First Personal Injury Case
Jurors Say Size of Award Is Message to Makers – Appeal Expected
By Alex Berenson
The New York Times
August 20, 2005
In the first verdict of a personal injury lawsuit involving the pain drug VIOXX, a Texas jury found the drug’s maker, Merck, liable and said the widow of a man who died in 2001 after taking the drug should be awarded $253.5 million.
After deliberating for a day and a half, the jury gave Robert C. Ernst’s widow, Carol, $24.5 million for mental anguish and economic losses. Jurors also said she should be awarded an additional $229 million in punitive damages after finding that Merck acted recklessly in selling VIOXX despite having knowledge of the drug’s heart risks.
Under Texas law capping punitive damages, though, that part of the penalty will automatically be limited to $1.6 million, meaning the overall award would not exceed $26.1 million and could be reduced by Texas appellate courts.
With a flood of VIOXX lawsuits soon to reach juries, the verdict may have important implications for Merck, other makers of the similar painkiller drugs and the entire industry, lawyers and analysts said.
In interviews after the decision, jurors said they had made the large punitive award to send a message that drug makers must disclose the risks of their medicines.
“Respect us, that’s the message,” said Derrick Chizer, a juror. “Respect us.”
Ten of the 12 jurors voted for the plaintiff, the minimum number required to make an award under Texas law. Judge Ben Hardin of the Texas District Court announced the verdict at the Brazoria County Courthouse in Angleton, about 40 miles south of downtown Houston.
When Judge Hardin finished reading, Mrs. Ernst, her family, and her lawyers erupted in cheers and began to hug one another.
“The justice system in America works and it works very well,” W. Mark Lanier, the lead lawyer for Mrs. Ernst, said outside the courtroom.
In a news conference after the verdict, Mrs. Ernst, 60, said that the case, which began three years ago, had been stressful but that she was pleased with the outcome.
“This has been a long road for me,” she said. “I just know that it was a road that I had to run and I had to finish.”
Jonathan Skidmore, a lawyer for Merck, the nation’s third-largest drug maker, said that the company would appeal and that it believed it had properly researched and marketed VIOXX.
“We believe the plaintiff did not meet the standard set by Texas law to prove VIOXX caused Mr. Ernst’s death,” Mr. Skidmore said.
More than 4,000 VIOXX-related cases have already been filed, and lawyers say that they expect 20,000 to 100,000 will eventually be filed.
State trials are scheduled to begin in the next few months in New Jersey and possibly California and Alabama, with the first federal trial planned for November in New Orleans. Lawyers for both sides say the suits will probably be handled individually rather than as class actions.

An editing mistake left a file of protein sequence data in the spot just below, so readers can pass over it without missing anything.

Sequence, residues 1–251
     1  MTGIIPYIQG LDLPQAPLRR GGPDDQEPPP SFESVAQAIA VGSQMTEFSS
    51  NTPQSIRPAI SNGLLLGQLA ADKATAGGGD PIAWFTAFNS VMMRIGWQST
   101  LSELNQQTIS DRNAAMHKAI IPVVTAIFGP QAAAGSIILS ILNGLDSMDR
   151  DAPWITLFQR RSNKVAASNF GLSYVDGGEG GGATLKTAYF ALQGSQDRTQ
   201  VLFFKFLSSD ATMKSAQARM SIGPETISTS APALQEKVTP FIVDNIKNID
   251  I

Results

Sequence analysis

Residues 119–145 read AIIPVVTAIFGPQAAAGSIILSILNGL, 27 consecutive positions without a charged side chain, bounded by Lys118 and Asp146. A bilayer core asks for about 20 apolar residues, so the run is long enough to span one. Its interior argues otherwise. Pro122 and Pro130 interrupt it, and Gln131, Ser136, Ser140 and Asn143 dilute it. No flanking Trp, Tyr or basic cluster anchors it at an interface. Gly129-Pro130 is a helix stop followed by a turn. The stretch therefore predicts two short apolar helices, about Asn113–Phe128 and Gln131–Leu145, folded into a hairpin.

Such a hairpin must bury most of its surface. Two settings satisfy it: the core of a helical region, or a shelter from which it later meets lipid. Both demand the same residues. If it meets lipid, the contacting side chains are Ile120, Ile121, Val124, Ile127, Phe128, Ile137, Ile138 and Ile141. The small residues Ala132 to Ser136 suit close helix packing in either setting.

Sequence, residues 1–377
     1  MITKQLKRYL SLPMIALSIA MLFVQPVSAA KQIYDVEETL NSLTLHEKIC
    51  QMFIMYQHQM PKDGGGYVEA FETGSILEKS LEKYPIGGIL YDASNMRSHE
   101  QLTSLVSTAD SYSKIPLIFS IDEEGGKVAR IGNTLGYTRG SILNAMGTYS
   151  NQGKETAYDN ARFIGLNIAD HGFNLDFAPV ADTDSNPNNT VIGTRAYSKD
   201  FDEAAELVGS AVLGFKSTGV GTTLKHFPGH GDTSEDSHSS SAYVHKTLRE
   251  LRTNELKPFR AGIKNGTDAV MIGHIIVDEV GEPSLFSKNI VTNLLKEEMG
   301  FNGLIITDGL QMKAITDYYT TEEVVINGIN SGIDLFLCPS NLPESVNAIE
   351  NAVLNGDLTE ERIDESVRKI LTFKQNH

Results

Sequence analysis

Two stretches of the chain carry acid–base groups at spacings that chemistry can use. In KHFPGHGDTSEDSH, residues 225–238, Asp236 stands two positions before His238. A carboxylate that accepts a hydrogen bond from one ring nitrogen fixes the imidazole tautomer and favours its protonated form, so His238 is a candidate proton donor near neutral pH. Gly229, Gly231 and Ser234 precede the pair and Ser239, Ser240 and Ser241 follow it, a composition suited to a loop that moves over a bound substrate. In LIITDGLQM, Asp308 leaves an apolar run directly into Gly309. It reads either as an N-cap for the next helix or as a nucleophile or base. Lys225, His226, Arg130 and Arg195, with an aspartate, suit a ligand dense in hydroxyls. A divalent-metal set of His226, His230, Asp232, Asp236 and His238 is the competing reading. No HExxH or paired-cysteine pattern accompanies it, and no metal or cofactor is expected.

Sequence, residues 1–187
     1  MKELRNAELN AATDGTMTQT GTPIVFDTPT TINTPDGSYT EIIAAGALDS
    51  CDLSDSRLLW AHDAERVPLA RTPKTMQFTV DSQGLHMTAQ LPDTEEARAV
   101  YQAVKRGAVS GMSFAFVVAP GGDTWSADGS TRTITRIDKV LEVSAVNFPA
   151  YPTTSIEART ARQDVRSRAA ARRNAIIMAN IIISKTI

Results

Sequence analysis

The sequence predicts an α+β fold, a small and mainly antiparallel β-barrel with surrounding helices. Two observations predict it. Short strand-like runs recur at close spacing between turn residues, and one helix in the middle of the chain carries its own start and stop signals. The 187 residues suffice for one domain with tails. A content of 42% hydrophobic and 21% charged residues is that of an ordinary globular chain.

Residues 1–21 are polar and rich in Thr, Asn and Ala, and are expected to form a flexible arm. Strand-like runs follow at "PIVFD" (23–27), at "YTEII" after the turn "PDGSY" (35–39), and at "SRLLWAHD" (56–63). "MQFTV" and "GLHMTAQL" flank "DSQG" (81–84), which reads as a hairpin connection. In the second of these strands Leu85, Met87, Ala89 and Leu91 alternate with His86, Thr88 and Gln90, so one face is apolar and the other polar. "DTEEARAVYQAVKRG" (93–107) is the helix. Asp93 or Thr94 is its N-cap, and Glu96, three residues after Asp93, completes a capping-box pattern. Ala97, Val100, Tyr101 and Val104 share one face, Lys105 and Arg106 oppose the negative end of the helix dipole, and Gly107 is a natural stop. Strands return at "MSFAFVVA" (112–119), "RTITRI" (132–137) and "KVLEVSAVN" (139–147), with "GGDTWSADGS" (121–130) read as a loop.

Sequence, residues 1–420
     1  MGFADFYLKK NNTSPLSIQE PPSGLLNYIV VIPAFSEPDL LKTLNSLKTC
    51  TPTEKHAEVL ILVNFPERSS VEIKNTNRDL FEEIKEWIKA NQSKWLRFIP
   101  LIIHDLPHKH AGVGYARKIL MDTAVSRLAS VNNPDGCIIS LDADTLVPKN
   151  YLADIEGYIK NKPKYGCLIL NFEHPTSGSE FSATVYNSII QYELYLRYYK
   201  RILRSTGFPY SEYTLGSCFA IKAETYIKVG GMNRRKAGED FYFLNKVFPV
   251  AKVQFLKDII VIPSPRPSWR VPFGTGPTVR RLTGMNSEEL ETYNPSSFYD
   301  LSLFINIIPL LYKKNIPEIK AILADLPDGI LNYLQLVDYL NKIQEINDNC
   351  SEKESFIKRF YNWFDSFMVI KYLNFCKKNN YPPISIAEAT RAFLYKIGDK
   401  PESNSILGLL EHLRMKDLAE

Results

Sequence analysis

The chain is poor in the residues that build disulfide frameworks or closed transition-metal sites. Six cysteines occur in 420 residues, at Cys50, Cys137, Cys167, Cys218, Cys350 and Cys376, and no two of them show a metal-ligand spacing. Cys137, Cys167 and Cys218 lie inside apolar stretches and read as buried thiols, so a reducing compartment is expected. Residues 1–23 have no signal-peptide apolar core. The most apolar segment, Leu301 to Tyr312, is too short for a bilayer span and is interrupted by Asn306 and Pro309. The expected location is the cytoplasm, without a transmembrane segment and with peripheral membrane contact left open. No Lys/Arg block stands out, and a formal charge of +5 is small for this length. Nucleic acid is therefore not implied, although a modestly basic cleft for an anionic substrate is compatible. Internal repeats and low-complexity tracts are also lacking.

Merck has said it will fight every VIOXX lawsuit in court rather than settle cases and it reiterated that stance in a statement issued after the verdict was announced.
But Friday’s verdict illustrates the dangers of that strategy, especially because Mr. Ernst’s case had been viewed as relatively weak, lawyers said. For Merck, the verdict is a severe blow, said Peter Bicks, a defense lawyer with Orrick, Herrington & Sutcliffe, a New York law firm not involved in the case.
“It is a very serious problem, because future plaintiffs’ lawyers now have a road map for the case completely laid out for them,” Mr. Bicks said. “Apparently, Lanier was successful in painting the company as one that put profits over health and hid information.”
Merck shares fell $2.35, or 7.7 percent, to close at $28.06 after the verdict was announced. The drop erased about $5 billion from Merck’s market capitalization.
Merck, based in Whitehouse Station, N.J., has not yet set aside any money to cover its VIOXX liabilities, but it has put aside $675 million to cover legal expenses related to its defense.
More than 20 million people had taken VIOXX before the company took the drug off the market last September after a clinical trial indicated that VIOXX increased the risk of heart attacks or strokes in patients taking it for longer than 18 months. The pain drug had annual sales of $2.5 billion until it was withdrawn.
But critics had been saying for years that VIOXX posed safety risks. And during the trial, documents and e-mail messages from Merck scientists disclosed discussions of VIOXX’s potential heart risks as early as 1997, more than two years before the company began selling the drug.